I am thinking of “the solution that begets the solution” that Chris Marker found in Sans soleil where he actually has a female voice speak what is effectively a male text because these are letters written to her by a man. So there is double displacement or reversal, and at the same time, there is a gender question involved as well. Is the voice in the German version also a woman’s voice? Is it important that the gender of the voice is female?
Yes, but not for political reasons. It was not a matter of choosing a female voice so that women can have their say – that would be bizarre, since it is after all, I who wrote the text. Simply, I wanted to make evident that here a not-I was speaking.
In the case of Kluge, the commentary was one of the major objections women filmmakers had about his films. That here was a male voice, which often was Kluge’s own voice, telling everybody what to think about the images.
Yes, but Kluge has such a wonderful feminine Saxonian word-melody! I want to defend Kluge against some of the criticism you have alluded to. First of all, when Kluge speaks, it’s not at all easy to understand what he says, there is still plenty of work for the spectator. Secondly, his films are full of passages that make so many different kinds of sense, if you think of all these tangles of slow-motion he puts in, and all these moons and clouds speeding past in his time-lapse fast-forward sequences. Kluge is at least conscious of the fact that a text can tie up one’s thoughts, instead of setting them free. I would not agree that he is a know-it-all. Or at least, he doesn’t want to be one. And that is already a lot.
Is this another case of a filmmaker who is very different from you, yet whose work you can admire, because you recognise and respect his project?
I hope so, I hope so. I definitely try to avoid being smarter than the film is. I try to let the film think. Literally, I write a line, then I go to the editing table and try to comment on it with images. Conversely, I try to find my words on the editing table. I have both my typewriter and my editing table in one room. It is connected to this question of writing and filmmaking, because it is also very evident you cannot make films the same way you can write a text. For the text you need to go to the library, but 80% or so of them are created in the room, or if not created, then at least the final version is made indoors at your desk. That is also the last stage of the filmmaking, the aspect where writing and filmmaking come together. People ask me, why don’t you write anymore, and I realise it is because I have succeeded in making a form of writing out of my filmmaking.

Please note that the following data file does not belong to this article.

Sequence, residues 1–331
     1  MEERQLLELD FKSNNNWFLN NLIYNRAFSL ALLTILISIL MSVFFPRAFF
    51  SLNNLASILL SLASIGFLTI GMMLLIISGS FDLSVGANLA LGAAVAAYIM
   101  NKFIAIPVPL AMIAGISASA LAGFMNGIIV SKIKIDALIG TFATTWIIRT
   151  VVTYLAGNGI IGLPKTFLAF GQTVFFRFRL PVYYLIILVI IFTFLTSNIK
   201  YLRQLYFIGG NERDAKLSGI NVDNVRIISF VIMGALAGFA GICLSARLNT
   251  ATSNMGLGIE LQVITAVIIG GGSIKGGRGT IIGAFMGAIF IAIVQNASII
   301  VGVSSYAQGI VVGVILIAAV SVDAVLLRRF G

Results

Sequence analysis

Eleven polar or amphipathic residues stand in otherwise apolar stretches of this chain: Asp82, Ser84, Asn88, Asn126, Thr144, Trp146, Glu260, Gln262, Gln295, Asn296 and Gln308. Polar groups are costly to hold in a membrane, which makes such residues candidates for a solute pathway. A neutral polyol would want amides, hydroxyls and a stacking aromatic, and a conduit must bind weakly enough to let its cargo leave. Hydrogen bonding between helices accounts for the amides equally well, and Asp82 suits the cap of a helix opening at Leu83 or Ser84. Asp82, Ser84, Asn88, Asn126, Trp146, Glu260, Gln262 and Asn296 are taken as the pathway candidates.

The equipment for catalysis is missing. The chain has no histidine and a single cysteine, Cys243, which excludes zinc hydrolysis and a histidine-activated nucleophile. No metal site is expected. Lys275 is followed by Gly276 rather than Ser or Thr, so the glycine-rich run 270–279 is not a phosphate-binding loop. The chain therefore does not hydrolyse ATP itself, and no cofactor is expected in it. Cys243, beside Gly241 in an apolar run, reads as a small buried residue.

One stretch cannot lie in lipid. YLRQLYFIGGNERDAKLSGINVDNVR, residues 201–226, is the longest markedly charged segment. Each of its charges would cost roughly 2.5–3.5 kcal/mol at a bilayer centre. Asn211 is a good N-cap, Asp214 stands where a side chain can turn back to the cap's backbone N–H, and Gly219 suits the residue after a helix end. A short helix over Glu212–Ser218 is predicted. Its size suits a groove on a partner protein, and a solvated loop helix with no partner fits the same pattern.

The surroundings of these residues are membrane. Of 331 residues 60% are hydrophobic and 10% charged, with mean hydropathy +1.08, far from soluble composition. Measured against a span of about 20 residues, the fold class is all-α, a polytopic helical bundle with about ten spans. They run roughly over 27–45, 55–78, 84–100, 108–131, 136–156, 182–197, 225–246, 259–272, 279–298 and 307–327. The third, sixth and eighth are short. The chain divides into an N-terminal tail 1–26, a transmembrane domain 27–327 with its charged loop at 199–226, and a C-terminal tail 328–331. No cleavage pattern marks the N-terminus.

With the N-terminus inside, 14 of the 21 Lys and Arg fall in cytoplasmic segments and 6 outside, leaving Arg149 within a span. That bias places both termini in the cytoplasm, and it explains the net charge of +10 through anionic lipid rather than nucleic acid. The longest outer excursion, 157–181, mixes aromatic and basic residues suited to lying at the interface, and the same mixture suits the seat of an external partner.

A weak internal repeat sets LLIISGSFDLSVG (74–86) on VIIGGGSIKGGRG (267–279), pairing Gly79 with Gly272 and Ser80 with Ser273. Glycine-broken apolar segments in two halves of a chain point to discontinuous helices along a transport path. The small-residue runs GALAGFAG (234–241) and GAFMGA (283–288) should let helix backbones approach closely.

I want perhaps to close with something you said earlier on. Quite casually you mentioned a phrase that really was quite extraordinary to me. You said that cameras are circling the world to make it superfluous, and that you are part of these cameras circling around the world...
It’s not my idea, but yes, in a way I am part of it. I am also part of the business, even though I am not literally in the space industry. And it’s those cameras that I was talking about. I think the analogy is that in a film, I can always tell who speaks the image, I can always hear the image, I always know how people are making use of an image, instrumentalising it. Once, when Ronald Reagan was in Germany and went to the Bergen Belsen concentration camp with Chancellor Helmut Kohl, he said something like, “I didn’t know that Christians – not just Jews – were also victims of the Nazis”. It’s unbelievable how people make use of victims. After all, they are just quoting things, in this remote way. I suddenly realised that I am also making use of images as quotations, therefore, I had this sequence with the woman photographed in the camp, where somehow I have to confess my method so I can’t continue to hide behind other quotations. Perhaps that’s also the designated breaking point of my film. Sometimes, one has to say “I”.
This interview was conducted after a screening of Images of the World and the Inscription of War [Bilder der Welt und Inschrift des Krieges] at the National Film Theatre-MOMI London, 6 February 1993.
With thanks to Antje Ehmann and Volker Pantenburg
© Harun Farocki GbR
Milestones: Bilder der Welt takes place on Thursday 22 April 2021 at 19:30 on Sabzian. You can find more information on the event here.